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How to market and sell Cosmetic Products?

Different ways to sell and market Cosmetic Products: Cosmetic industry is one of the top profitable industries in the world. If you want to start your business in cosmetic industry then you need to fulfill certain criteria’s. Here we are going to discuss about what are the different ways to sell and market your cosmetic products. First have a look at procedure for starting different cosmetic businesses: How to start cosmetic Manufacturing Business? How to start Cosmetic Marketing Company and sell products online? Types of marketing and selling ways: There are generally two ways for marketing & selling cosmetic products Online Ways Offline/Traditional ways Online Ways: Digital Marketing like Blogging and Content Marketing, Use of Social Media Channels (Free and Paid Promotion) i.e. Facebook Page, Facebook Group, Youtube Channel, Linkedin Profile etc ) Own website building and promote it through SEO, paid ads etc Listing at business portals and classified websites Google my busines

Drug Price Control Order (DPCO)

Drug Price Control Order (DPCO) is an order issued by center government under the essential commodities act which enables NPPA (National Pharmaceutical Pricing Authority) to fix ceiling price of essential and life saving medicines to ensure these medicines at affordable price to general public.

Price control over drugs was first introduced in India as Drug (Display of Prices) Order, 1962 and the Drug (Control of Prices) Order, 1963. After that Drugs (Price Control) Order of 1966, Drugs (Price Control) Order of 1970 - issued under the "Essential Commodities Act, 1955, Drugs (Price Control) Order 1979 (following the Drug policy, 1978), Drugs (Price Control) Order of 1987 (following the Drug policy, 1986). These policies were based upon the principle of effective control over prices of essential drugs and later bulk drugs as well as availability of drugs.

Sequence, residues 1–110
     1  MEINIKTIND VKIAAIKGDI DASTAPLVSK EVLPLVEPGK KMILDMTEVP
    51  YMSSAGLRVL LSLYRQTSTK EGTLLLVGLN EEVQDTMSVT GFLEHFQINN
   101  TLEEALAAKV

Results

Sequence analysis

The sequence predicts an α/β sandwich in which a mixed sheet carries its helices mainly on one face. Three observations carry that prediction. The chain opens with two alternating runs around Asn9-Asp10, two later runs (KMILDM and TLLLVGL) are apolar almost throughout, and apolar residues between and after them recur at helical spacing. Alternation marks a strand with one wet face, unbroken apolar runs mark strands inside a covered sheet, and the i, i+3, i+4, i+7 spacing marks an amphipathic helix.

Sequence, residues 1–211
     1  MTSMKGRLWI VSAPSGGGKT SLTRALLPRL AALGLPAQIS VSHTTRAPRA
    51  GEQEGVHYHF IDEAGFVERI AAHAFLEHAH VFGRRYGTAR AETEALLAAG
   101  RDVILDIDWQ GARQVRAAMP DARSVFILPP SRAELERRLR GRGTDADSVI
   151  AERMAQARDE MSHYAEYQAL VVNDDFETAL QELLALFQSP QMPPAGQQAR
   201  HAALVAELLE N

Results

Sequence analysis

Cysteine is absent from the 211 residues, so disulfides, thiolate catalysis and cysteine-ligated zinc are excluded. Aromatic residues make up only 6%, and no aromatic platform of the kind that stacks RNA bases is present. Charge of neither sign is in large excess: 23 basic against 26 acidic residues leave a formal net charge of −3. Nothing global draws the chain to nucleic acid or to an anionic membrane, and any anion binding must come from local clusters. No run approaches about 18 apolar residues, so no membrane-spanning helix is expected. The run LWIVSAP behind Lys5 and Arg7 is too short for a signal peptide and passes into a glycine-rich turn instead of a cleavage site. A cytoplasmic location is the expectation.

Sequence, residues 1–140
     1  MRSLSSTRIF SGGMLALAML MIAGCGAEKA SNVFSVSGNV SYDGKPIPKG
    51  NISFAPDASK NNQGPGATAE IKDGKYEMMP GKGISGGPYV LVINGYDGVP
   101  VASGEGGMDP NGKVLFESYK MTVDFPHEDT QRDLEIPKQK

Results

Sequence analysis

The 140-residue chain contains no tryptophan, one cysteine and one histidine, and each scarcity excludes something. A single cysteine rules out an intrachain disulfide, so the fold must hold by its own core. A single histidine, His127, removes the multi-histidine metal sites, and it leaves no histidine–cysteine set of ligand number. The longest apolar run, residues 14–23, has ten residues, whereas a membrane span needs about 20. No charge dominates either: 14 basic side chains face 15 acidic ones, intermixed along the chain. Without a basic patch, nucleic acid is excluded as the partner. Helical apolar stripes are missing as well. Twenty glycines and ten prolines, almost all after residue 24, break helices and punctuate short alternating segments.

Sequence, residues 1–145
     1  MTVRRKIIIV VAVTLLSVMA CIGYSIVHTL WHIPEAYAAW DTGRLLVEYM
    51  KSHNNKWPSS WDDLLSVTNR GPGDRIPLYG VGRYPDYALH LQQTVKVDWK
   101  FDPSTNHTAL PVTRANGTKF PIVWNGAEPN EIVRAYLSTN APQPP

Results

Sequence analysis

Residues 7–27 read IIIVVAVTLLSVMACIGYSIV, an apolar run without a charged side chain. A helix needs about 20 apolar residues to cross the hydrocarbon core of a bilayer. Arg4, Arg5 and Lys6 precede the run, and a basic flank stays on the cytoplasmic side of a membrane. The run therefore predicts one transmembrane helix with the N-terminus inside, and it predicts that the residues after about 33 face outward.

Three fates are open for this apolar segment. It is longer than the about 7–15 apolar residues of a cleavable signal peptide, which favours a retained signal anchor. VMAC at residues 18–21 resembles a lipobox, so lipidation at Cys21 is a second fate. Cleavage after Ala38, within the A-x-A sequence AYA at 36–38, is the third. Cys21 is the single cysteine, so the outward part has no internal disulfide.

After that Drug policy of 1994 were implemented through Drugs (Price Control) Order, 1995. The control over prices was to be on the basis of cost of production with allowance being given for post production expenses. As per the criteria of 1994 policy, a list of 74 bulk drugs was identified and these drugs as well as formulation based on these drugs were brought under the price control regime.

After that a new pharmaceutical pricing policy was introduced in the year 2002 but never implemented and the 1994 drug policy continued to be applicable.

There was need of enabling industry growth with attendant socio, economic benefits along with balancing the declared objective of providing better health care including making available essential medicines at reasonable prices to all. The Drug Policy, 1994 needs to be revised to meet the challenges brought about by the competitive international pharmaceutical industry in a globalised economic environment, as much as meeting the country's requirements for safe and quality medicines at reasonable prices. Therefore, the Government introduces the National Pharmaceuticals Pricing Policy, 2012. NPPA, 2012 replaced the Drug Policy, 1994.

The regulation of price under NPPA, 2012 is on the basis of regulating the price of formulation through Market based Pricing (MBP) which is different from drug policy, 1994 which was on Cost Based Pricing (CBP) basis. The formulation is regulated by fixing a ceiling price (CP). Ceiling price of any formulation is fixed by taking simple average price of all brands of that formulation having equal to or more than 1% market share of the total market share of that formulation.

Key Principles Of National Pharmaceuticals Pricing Policy 2012:
The key principles for regulation of prices in the National Pharmaceuticals Pricing Policy 2012 are:

(1) Essentiality of Drugs
(2) Control of Formulations prices only
(3) Market Based Pricing

On the basis of NPPA, 2012, a new Drug (Price Control) Order, 2013 was implemented and are in effect till date.


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